known more familiarly as the Armory Show, was exhibited at the Art Institute just twenty years later. The 632 paintings, drawings, and sculptures by European avant-garde artists, such as Marcel Duchamp and Pablo Picasso (and even one Chicago native, Manierre Dawson), left a shocked and muttering crowd in its wake. There was already significant backing for abstract art in ChicagoAmericans Arthur Wesley Dow and Jerome Blum, among others, had been exhibiting their own decidedly modern artwork locally in the years leading up to the Armory Showbut never before had the community been so blatantly confronted by the dramatic changes happening in contemporary art. The more conservative Beaux Artsminded students at the AIC, incensed by Henri Matisses distortion of the female form, even burned in effigy three copies of his paintings and held a mock trial for a figure dubbed Henry Hair-Mattress.
Farm Home and Bridge, c. 1930. Lithograph, 8 x 12 1/4 inches. Jordan Schnitzer Museum of Art
The Making of DaviD Mccosh
Despite the distaste expressed by many of Chicagos more vocal residents, the exhibition was extraordinarily well-attended: more than 188,000 visitors, an amount equal to 8 percent of the citys population, saw the Armory Show between March 24 and April 16, 1913. This attendance record surpassed the crowd that had visited the show during its month-long debut run in New York, even though that venue included twice the amount of artwork shown in Chicago. Deemed radical, perverted, or just merely ugly by its critics, the Armory Show ignited community fervor for a greater discussion of the arts and stimulated Chicagos emergence as the thriving cultural hub of which its residents had dreamed since the Worlds Columbian Exhibition.
These happy circumstances were, however, short-lived: the country entered the First World War in 1917 and suffered the economic depression that followed in 1929. In Charlotte Mosers essay In the Highest Efficiency: Art Training at the School of the Art Institute of Chicago, she described the wars profound effect on the city as having wrenched Chicago as it did the rest of the country into confronting the new social and economic conditions of the twentieth century.2 Amid great emotional and financial strains, the 1920s saw art in the Midwest, rather than streamline into one distinctive style, branch further into various art movements that frequently reflected contemporary attitudes about personal expression, modernity, national and regional identity, and social change.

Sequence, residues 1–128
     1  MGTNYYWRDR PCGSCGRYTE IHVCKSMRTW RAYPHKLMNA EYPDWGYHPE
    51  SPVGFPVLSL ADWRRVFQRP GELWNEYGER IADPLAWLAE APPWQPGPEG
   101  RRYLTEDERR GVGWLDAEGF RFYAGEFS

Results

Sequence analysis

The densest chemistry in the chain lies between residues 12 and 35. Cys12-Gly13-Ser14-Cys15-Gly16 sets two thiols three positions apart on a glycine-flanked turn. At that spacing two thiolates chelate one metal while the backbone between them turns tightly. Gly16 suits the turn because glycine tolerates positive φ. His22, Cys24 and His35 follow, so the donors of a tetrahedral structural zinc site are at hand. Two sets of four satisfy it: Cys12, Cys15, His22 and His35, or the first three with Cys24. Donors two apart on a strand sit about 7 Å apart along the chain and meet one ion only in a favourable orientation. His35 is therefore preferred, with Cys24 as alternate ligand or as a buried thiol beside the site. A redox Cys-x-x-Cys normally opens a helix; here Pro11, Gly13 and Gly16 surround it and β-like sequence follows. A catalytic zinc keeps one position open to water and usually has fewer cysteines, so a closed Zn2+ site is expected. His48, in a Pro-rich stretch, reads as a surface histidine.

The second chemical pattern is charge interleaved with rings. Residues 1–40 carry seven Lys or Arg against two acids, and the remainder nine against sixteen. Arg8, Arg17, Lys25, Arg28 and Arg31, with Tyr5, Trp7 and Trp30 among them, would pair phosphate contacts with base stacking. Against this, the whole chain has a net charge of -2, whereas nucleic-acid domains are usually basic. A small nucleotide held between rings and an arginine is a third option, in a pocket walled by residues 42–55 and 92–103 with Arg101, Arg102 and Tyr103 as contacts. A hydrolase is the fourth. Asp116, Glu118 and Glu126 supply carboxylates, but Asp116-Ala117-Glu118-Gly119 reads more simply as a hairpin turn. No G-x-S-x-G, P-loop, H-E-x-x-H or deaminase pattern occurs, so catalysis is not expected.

As the son of the local cemeterys superintendent and one of four children in the household,3 David McCoshs early life in Cedar Rapids was by no means upscale, but it was pleasant. He attended Washington High School (from which well-known regionalist painters Grant Wood and Marvin Cone had graduated in 1910), where he was an associate editor and artist for the schools magazine The Pulse until receiving his diploma in 1922. McCoshs early interest in newspaper work and cartooning stuck with him through adulthood, and in a 1933 letter to Anne Kutka, he wrote wistfully of his recent meeting with a writer from the Chicago Tribune: He had a lot of good yarns as usual and I wished again as I always do when I go over there (like a kid seeing a fireman) that I had stuck to my original ambition and grown up to be a reporter too.4 McCosh attended Coe College in Cedar Rapids for one academic year (192223) before transferring to the prestigious AIC. At Coe, he had studied under the AIC-educated Cone, but substantial arts education was almost nonexistent. Cone (whose official appointment was actually instructor of French) taught one course in Free-hand Drawing, the Greek Department hosted a class on Greek and Roman art, and an offering in art appreciation was provided by the Department of Home Economics.5 McCoshs desire for a competitive arts education necessitated a move to Chicago, where he would find greater opportunities than anywhere else in the region.
The AICs institutional history dates to 1866, when a group of local artists, inspired by the structure of the art academies of Europe, founded the Chicago Academy of Design. Following years of misfortune (the Chicago Fire of 1871 destroyed the Academys first permanent residence), financial struggle, and staffing turmoil, the restructured and newly renamed Chicago Academy of Fine Arts was incorporated in 1879 and officially became The Art Institute of Chicago three years later. The occasion
of the Worlds Colombian Exposition of 189293 saw opportunity for the institution to receive a much larger permanent space when it took over the two-story lakefront fairground building t